Nieznany epizod z życia architekta Pompea Ferrariego, związany z odbudową Torunia po oblężeniu 1703 roku

Bartłomiej Łyczak



The paper is centered around a hitherto unknown letter written by a relatively well-known Roman architect working in Poland, Pompeo Ferrari, to the City Council of Toruń. The document, dated 27th January 1718, and preserved in the State Archives in Toruń, is a recommendation of his own person for the function of supervisor of planned construction works at the Town Hall and in a church, which can be identified as St. Mary’s, at the time in possession of Lutherans. The architect claims to have learned about the plans of restoring the buildings from an unidentified nobleman, who in turn obtained that information from Maciej Radomicki, general starost (administrator) of Greater Poland. Both buildings suffered substantial damage as a result of artillery fire during the siege laid by the Swedish army in September and October of 1703. The history of reconstruction of the Town Hall has already been the subject of considerable research, the most important published texts thereupon being the ones by Arthur Semrau and Eugeniusz Gąsiorowski. The renovation seems to have taken a long time, and was delivered in several stages, which mostly happened due to difficult financial situation of the municipality. In the first years after the bombing the building was only provided with a makeshift protection from further damage save for some ground floor chambers that were restored for trade purposes. The proper reconstruction started in 1722, and the first session of the City Council in the renewed hall took place as late as 1738. In contrast, the history of damage and rebuilding of St. Mary’s Church is barely discussed in existing literature. Until now, there was only some basic knowledge about new organ pipes being installed (1721) and undefined works on the turrets and the walls as well as in the interior being carried out (1722–1723). A further query in documents kept in the State Archives in Toruń proved that the preparations for the restoration of the temple, assessed as threatened with complete collapse, had been undertaken already in 1718 by appointing to these ends Jacob Ingber from Gdańsk, a master mason, and Johann Caspar Hindersin, a building engineer in service of count Alexander zu Dohna in Słobity (Schlobitten). Two architects vying for the task: Martin Friedrich von Creutz from Berlin, and Johann Kalckbrenner from Wrocław, were rejected. Hindersin arrived in Toruń soon in order to make a report on the church condition and draw up a project of a new roof truss. The letter by Pompeo Ferrari discussed here and presented in full in form of an appendix, is an interesting example of self-promotion practiced in order to obtain a profitable commission. Despite the fact, that the architect was eventually not employed by the City Council, the whole issue contributes to the knowledge of Ferrari’s biography and provides new information pertaining to the history of Toruń’s reconstruction after the Swedish siege of 1703.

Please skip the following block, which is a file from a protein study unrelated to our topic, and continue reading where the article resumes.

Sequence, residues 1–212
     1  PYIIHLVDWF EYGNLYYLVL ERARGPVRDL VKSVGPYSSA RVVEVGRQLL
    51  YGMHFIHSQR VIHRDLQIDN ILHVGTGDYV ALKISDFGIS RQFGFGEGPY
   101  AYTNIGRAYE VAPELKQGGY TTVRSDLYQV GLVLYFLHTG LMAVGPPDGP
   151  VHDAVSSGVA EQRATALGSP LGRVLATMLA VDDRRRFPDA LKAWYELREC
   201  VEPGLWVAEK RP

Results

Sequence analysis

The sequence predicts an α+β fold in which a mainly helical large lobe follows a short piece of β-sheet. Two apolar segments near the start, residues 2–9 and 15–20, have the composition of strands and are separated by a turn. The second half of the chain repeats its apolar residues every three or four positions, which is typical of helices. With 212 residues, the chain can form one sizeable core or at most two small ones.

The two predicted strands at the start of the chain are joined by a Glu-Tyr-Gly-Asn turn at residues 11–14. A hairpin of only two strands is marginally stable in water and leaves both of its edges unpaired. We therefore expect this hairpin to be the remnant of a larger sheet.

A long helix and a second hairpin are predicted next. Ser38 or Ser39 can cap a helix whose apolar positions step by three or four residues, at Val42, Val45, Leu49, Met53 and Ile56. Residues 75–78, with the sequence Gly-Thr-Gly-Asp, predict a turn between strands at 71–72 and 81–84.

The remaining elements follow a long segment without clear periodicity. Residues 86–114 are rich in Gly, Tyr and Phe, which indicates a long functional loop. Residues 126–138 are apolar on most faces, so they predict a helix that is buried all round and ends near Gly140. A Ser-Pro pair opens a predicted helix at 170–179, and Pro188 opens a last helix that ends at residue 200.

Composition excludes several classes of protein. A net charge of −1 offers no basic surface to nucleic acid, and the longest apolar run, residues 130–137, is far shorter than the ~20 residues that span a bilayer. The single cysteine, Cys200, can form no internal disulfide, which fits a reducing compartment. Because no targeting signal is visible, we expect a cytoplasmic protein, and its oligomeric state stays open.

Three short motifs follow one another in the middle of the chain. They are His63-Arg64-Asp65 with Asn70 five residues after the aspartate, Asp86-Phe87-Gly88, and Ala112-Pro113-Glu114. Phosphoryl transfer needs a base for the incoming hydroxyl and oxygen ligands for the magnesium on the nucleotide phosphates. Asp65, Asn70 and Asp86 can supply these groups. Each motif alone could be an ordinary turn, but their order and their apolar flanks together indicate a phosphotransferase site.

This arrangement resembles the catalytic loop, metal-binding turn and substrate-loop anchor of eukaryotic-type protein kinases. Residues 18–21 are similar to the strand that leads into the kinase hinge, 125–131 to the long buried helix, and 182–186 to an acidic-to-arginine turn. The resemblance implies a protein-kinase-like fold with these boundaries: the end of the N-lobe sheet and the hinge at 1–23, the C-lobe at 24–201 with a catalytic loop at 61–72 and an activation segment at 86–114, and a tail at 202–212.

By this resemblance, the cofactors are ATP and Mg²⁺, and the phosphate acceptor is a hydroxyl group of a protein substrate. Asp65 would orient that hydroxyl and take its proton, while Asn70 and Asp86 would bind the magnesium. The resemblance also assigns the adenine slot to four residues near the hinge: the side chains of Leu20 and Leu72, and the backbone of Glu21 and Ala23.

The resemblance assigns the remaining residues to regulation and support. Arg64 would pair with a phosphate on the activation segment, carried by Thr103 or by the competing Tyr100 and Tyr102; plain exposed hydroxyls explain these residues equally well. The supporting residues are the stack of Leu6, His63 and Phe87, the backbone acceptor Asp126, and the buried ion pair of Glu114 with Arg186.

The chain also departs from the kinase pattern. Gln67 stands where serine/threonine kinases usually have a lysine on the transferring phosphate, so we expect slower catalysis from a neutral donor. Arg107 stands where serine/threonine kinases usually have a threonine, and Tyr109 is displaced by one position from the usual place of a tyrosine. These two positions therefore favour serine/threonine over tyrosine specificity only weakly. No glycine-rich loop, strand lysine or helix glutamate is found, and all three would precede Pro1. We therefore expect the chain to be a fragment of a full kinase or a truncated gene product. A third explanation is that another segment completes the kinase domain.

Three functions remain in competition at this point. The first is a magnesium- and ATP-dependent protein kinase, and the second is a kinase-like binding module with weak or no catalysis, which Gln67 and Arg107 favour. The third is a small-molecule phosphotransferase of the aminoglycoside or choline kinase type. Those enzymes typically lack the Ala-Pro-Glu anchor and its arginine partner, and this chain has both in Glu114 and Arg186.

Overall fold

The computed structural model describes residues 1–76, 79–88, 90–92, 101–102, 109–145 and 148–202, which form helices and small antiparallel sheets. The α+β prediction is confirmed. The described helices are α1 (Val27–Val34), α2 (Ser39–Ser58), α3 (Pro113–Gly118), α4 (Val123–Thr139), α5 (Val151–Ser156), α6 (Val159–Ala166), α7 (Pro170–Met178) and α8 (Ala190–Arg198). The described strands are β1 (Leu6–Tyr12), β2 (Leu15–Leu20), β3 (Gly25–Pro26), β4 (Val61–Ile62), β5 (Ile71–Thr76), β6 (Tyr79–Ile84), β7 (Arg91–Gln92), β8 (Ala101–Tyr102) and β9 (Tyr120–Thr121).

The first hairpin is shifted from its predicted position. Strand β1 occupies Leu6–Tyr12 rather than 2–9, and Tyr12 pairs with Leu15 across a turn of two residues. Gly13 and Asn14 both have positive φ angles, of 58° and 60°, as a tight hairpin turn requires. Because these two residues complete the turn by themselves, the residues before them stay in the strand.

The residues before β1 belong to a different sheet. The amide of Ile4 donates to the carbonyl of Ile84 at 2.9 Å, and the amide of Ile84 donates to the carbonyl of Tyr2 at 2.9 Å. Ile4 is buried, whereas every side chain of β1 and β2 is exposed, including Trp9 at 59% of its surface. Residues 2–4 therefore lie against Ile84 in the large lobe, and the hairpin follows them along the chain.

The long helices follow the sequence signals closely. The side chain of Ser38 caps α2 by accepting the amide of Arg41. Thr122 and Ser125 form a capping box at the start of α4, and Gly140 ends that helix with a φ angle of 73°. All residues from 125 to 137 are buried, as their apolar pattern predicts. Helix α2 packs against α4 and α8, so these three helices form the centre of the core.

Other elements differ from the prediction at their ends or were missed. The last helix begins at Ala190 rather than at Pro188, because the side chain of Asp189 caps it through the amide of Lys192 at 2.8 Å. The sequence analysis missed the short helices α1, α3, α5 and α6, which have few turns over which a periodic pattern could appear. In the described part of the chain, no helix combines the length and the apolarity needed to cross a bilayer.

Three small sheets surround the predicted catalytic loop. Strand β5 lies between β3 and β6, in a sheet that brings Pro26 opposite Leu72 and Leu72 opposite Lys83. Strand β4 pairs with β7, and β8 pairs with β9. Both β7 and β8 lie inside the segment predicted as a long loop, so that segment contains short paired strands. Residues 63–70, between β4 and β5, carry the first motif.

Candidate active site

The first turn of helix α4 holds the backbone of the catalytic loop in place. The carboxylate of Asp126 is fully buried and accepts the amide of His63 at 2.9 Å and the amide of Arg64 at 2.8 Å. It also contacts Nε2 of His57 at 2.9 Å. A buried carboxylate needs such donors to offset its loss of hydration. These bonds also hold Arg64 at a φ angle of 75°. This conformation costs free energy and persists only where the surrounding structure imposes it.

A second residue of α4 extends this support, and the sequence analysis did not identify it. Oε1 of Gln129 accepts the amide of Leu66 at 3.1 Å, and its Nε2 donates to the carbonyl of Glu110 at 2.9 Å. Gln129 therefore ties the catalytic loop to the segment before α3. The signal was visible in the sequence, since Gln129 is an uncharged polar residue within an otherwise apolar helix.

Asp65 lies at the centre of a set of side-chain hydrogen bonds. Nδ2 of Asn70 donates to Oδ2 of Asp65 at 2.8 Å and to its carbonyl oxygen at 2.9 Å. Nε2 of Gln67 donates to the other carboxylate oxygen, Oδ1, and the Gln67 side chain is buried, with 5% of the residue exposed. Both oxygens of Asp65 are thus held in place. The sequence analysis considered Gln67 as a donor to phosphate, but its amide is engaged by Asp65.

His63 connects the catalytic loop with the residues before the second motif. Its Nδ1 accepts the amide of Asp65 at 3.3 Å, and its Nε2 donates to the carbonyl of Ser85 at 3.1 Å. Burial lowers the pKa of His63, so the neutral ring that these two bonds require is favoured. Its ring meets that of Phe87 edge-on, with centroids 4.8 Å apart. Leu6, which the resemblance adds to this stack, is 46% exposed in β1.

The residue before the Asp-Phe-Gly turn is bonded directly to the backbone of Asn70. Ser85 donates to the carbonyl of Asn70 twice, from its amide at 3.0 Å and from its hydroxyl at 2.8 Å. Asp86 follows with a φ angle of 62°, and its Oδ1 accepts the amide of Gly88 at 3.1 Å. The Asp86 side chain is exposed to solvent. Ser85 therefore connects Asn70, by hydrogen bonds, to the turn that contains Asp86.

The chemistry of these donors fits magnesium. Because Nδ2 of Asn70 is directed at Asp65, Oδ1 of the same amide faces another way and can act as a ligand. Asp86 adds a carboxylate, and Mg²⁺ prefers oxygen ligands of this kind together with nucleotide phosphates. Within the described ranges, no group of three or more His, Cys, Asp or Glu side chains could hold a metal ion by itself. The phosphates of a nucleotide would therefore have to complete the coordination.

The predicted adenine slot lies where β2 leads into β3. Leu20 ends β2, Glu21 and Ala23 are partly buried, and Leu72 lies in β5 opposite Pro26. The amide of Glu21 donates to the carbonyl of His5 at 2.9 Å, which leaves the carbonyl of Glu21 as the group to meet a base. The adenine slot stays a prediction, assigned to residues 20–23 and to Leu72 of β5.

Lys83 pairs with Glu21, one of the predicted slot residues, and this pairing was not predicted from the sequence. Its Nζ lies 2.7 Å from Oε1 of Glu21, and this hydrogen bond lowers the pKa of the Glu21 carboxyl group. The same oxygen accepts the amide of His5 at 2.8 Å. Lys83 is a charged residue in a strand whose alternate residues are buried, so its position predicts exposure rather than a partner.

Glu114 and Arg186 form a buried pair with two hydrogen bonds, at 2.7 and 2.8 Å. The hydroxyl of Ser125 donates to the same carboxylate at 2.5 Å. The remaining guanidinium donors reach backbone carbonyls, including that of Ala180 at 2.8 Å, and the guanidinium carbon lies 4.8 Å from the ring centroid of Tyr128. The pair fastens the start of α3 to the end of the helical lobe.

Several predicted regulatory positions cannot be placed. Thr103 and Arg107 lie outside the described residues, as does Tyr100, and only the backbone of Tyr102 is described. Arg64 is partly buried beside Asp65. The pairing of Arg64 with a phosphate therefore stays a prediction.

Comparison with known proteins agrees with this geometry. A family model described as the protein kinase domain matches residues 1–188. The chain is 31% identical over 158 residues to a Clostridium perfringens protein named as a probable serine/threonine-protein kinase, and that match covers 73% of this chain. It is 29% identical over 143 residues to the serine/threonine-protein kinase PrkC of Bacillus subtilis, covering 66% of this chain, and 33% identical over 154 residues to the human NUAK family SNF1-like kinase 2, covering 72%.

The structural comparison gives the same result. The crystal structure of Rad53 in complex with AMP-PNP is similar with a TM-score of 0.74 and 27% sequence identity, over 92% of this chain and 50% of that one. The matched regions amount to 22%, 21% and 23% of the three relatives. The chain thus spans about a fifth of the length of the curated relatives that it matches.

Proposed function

Słowa kluczowe

Pompeo Ferrari; architektura; artyści włoscy; barok; Prusy Królewskie; XVIIII wiek

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